country_code: ca
  first_name: Justin
  last_name: Trudeau
  email: [email protected]
  phone: 6139950253
  address: 24 Sussex Dr, Ottawa, ON, K1M1M4
  show_menu: 1
  orders:
  - name: Medium Pan
    codes:
      - P12IPAZA

With your config updated, restart Home Assistant and now you should be ready to order pizza in your scripts and automations! Let’s have a look at the one that I set up as an example–

Now, the automation that I have set up is a bit more complex than it needs to be.

If you just want to include a pizza order into a script that you run (for example, if you wanted to be able to be able to trigger a ‘movie night’ script that put your house into movie mode and ordered a pizza), you can just call the service and specify the order entity that you would like to use by adding something like this to the action on your automation and you are done:

    - service: dominos.order
      data:
        order_entity_id: dominos.medium_pan

I want my pizza order to be event-based, (ie, at a certain time, if I’m the only one home), but I don’t really want it to happen every single time, I’d like to just be prompted and then have the order placed if I confirm it. For this to happen, I need some sort of actionable notification.

I decided to use Telegram for my notification platform for this since it supports actionable notifications using the custom keyboard feature, and it’s available on all the platforms that I use.

In order to accomplish this, I need to actually set up two separate automations (well, I set up three, but the third is not really necessary). Let’s take a look at the first one:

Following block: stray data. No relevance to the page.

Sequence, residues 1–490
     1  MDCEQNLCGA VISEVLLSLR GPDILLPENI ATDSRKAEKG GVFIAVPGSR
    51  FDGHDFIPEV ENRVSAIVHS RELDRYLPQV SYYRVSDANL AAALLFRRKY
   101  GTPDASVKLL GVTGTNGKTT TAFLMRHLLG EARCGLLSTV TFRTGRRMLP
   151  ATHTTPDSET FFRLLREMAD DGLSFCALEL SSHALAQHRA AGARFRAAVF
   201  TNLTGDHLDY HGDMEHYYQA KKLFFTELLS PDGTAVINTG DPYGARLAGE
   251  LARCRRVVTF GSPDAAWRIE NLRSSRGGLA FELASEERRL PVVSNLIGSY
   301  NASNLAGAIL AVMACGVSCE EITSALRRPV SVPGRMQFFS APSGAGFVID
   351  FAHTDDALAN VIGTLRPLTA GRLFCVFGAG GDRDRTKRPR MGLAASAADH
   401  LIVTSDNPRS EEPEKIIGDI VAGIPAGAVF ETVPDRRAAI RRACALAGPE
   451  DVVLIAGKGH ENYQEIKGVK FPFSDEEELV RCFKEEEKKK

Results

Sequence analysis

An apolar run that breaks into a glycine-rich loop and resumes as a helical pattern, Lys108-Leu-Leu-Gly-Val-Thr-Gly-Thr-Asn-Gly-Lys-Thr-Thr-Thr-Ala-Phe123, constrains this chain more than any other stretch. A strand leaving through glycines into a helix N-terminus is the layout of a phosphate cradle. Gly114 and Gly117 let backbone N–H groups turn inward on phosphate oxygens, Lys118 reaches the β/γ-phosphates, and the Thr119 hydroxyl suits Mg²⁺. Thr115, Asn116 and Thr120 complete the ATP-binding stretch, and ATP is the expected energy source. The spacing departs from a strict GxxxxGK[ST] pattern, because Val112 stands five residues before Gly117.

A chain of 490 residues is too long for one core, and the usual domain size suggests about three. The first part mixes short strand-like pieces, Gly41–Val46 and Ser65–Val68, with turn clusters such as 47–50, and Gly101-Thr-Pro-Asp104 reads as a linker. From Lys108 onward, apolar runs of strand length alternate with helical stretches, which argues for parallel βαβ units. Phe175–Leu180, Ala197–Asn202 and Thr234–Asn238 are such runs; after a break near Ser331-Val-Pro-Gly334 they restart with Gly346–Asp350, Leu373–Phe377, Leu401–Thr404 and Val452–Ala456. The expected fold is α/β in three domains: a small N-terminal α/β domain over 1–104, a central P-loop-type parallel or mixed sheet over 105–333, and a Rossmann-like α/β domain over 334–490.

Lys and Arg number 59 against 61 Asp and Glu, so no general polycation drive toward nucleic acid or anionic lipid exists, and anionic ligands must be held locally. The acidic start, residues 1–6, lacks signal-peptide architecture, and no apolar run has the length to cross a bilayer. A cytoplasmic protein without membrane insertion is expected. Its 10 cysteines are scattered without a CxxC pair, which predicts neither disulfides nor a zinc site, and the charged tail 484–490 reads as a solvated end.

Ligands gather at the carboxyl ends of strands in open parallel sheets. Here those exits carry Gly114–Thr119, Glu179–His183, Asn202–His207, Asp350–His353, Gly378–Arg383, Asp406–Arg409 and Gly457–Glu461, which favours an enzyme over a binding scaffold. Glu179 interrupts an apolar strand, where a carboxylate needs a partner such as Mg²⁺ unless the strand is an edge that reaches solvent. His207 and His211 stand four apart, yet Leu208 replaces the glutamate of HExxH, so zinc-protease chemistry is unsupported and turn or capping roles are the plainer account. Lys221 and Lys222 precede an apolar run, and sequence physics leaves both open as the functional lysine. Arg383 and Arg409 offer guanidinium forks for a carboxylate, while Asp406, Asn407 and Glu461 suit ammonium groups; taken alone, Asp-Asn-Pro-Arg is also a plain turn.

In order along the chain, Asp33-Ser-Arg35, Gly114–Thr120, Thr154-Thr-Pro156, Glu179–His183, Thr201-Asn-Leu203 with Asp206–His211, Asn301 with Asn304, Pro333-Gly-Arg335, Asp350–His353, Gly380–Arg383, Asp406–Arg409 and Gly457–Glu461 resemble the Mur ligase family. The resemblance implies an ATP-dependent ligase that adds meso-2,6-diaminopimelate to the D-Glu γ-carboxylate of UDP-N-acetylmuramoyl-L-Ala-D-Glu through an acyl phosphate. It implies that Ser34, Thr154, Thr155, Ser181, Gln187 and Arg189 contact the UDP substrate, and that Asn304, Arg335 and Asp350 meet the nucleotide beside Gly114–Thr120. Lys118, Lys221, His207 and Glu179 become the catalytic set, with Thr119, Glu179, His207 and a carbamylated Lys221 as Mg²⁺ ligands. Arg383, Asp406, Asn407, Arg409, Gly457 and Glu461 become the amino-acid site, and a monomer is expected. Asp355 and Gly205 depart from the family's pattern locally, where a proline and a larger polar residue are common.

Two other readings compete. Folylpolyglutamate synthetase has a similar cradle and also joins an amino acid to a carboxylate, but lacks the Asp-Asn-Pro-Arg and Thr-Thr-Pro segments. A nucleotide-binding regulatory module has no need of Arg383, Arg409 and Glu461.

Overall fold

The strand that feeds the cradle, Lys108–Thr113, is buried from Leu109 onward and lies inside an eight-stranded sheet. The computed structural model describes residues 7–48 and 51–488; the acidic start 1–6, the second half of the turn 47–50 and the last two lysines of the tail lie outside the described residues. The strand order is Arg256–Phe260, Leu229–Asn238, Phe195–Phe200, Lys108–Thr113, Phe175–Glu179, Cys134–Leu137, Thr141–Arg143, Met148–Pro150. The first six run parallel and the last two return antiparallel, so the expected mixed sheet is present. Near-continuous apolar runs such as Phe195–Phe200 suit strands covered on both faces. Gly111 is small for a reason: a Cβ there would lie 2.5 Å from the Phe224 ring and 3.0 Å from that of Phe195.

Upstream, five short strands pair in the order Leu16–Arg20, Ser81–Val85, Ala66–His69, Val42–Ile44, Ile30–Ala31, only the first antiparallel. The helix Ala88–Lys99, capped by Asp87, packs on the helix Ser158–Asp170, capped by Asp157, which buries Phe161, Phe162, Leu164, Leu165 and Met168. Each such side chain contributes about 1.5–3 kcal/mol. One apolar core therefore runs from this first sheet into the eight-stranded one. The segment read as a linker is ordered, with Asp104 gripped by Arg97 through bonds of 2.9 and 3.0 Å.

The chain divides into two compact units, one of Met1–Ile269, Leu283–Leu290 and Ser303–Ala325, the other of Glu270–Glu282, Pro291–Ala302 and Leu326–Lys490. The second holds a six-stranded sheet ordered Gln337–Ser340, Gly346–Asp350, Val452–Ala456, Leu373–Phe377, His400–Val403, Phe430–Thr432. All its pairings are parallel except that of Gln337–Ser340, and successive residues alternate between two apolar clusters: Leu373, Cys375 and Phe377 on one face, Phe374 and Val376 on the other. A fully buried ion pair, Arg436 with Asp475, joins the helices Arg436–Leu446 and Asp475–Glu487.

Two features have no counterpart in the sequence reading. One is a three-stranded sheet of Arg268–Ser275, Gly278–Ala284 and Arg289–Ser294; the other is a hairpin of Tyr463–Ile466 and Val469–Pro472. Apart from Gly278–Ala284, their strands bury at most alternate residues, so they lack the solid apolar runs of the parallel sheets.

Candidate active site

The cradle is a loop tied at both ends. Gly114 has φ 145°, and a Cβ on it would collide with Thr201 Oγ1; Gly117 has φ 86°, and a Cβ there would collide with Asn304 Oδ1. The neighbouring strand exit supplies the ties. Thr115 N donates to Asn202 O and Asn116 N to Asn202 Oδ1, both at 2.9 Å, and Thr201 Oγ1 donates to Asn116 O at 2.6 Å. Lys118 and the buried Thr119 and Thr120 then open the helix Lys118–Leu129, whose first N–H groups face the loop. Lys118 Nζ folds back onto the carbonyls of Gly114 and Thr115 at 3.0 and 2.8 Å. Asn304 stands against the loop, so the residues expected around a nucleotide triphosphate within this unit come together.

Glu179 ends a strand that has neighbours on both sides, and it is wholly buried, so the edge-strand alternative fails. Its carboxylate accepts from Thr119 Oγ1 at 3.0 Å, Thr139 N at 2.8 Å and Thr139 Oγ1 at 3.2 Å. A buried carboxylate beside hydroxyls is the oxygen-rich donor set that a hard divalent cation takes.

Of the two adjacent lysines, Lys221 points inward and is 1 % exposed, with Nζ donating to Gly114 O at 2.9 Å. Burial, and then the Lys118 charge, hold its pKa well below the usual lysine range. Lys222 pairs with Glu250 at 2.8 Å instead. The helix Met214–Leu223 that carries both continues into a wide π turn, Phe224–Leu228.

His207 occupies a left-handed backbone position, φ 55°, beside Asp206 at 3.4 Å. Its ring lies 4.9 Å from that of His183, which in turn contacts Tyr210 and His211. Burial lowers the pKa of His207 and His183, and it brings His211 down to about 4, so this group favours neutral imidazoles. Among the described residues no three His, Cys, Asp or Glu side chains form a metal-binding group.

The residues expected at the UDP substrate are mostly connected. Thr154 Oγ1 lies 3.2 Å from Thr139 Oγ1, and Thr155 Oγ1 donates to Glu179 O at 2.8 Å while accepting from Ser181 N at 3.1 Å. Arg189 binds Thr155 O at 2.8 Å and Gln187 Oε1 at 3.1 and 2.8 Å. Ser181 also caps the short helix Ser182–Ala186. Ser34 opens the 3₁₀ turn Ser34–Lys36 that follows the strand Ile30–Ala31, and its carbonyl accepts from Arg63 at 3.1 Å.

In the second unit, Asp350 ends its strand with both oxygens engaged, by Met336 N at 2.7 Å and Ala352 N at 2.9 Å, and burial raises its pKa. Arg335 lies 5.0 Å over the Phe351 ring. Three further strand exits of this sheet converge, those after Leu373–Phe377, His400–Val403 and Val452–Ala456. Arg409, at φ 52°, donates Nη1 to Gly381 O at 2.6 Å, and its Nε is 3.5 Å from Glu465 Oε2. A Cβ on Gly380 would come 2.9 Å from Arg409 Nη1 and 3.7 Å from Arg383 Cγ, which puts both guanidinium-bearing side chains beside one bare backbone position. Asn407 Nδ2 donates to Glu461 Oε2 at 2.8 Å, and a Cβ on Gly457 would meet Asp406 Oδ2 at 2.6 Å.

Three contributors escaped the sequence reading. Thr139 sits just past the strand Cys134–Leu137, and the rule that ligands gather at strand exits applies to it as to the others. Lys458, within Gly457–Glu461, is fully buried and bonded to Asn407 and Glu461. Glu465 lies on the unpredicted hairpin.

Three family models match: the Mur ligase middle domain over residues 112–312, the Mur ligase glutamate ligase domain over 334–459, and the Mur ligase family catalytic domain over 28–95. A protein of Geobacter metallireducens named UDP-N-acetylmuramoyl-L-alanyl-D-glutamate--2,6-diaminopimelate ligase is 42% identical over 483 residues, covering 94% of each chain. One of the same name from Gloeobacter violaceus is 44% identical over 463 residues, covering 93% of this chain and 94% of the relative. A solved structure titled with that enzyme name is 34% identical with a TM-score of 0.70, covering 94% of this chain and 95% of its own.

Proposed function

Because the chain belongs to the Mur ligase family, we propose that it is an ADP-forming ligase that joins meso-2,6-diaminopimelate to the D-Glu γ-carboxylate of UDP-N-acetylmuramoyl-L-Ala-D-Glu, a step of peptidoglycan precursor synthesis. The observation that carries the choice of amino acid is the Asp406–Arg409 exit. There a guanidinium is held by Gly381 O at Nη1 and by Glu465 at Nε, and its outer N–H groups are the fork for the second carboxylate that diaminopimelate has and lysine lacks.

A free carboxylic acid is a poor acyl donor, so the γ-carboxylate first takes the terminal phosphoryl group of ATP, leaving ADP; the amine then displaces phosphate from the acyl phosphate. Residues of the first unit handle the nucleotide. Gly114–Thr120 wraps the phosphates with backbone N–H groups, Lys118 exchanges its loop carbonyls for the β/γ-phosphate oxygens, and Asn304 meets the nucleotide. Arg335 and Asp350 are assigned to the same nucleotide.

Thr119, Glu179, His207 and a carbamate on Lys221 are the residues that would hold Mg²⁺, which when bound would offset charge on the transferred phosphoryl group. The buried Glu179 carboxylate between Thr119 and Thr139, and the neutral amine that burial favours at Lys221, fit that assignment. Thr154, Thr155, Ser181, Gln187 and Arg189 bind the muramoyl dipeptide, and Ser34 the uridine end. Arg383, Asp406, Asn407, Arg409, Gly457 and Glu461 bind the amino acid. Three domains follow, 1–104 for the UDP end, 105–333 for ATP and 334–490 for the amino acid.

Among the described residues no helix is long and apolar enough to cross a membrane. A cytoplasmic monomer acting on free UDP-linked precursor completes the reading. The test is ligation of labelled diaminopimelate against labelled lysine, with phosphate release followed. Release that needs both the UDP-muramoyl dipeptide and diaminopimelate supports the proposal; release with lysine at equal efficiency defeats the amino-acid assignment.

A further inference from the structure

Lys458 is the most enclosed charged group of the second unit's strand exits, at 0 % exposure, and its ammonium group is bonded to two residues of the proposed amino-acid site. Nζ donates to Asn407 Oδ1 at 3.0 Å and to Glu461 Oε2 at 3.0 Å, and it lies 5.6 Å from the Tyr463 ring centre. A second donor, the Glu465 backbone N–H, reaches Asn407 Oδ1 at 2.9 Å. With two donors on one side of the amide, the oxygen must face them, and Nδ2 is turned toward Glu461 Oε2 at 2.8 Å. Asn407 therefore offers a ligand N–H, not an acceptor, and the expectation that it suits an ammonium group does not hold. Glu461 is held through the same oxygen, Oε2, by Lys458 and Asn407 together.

- alias: 'Want pizza?'
  hide_entity: true
  trigger:
    platform: time
    at: '18:30:00'    
  condition:
    - condition: state
      entity_id: device_tracker.craig_craig
      state: 'home'
    - condition: state
      entity_id: device_tracker.jess_iphone
      state: 'not_home'
  action:
    - service: telegram_bot.send_message
      data_template:
        title: 'Want pizza?'
        target: 123456789
        message: 'You look like you are home alone. Should I order you a pizza?'
        disable_notification: true
        inline_keyboard:
          - "Gimme Pizza:/gimmepizza"
          - "No thanks:/nopizza"

The first automation triggers at 6:30pm if I am at home and my wife is not_home. She goes to the gym in the evening several times a week at this time and we eat a bit later on those days, so I avoid her being in the not_home state by creating a zone around the gym. When the condition is met, I get a telegram message sent to me that looks like this:

Telegram Inline Keyboard example

The two options are buttons that basically just send back a command (defined in that inline keyboard bit) that we handle in a callback event. The automation for those callback event looks like this:

- alias: 'No pizza'
  hide_entity: true
  trigger:
    platform: event
    event_type: telegram_callback
    event_data:
      data: '/nopizza'
  action:
    - service: telegram_bot.answer_callback_query
      data_template:
        callback_query_id: '{{ trigger.event.data.id }}'
        message: 'Ok, no pizza then'

- alias: 'gimme pizza'
  hide_entity: true
  trigger:
    platform: event
    event_type: telegram_callback
    event_data:
      data: '/gimmepizza'
  action:
    - service: telegram_bot.answer_callback_query
      data_template:
        callback_query_id: '{{ trigger.event.data.id }}'
        message: 'PIZZA TIME'
    - service: dominos.order
      data:
        order_entity_id: dominos.medium_pan

You can see I’ve got one that handles the no response and just gives some user feedback and then one that handles the yes response as well as calls our dominos service and specifies the order.

That inline keyboard is feature is not bound to just two options, so if I had a more adventurous palate, I could have this automation send me a variety of options for orders and let me select which one I want by handling each of the callback responses in a separate automation, but a medium pan pizza is good enough for me.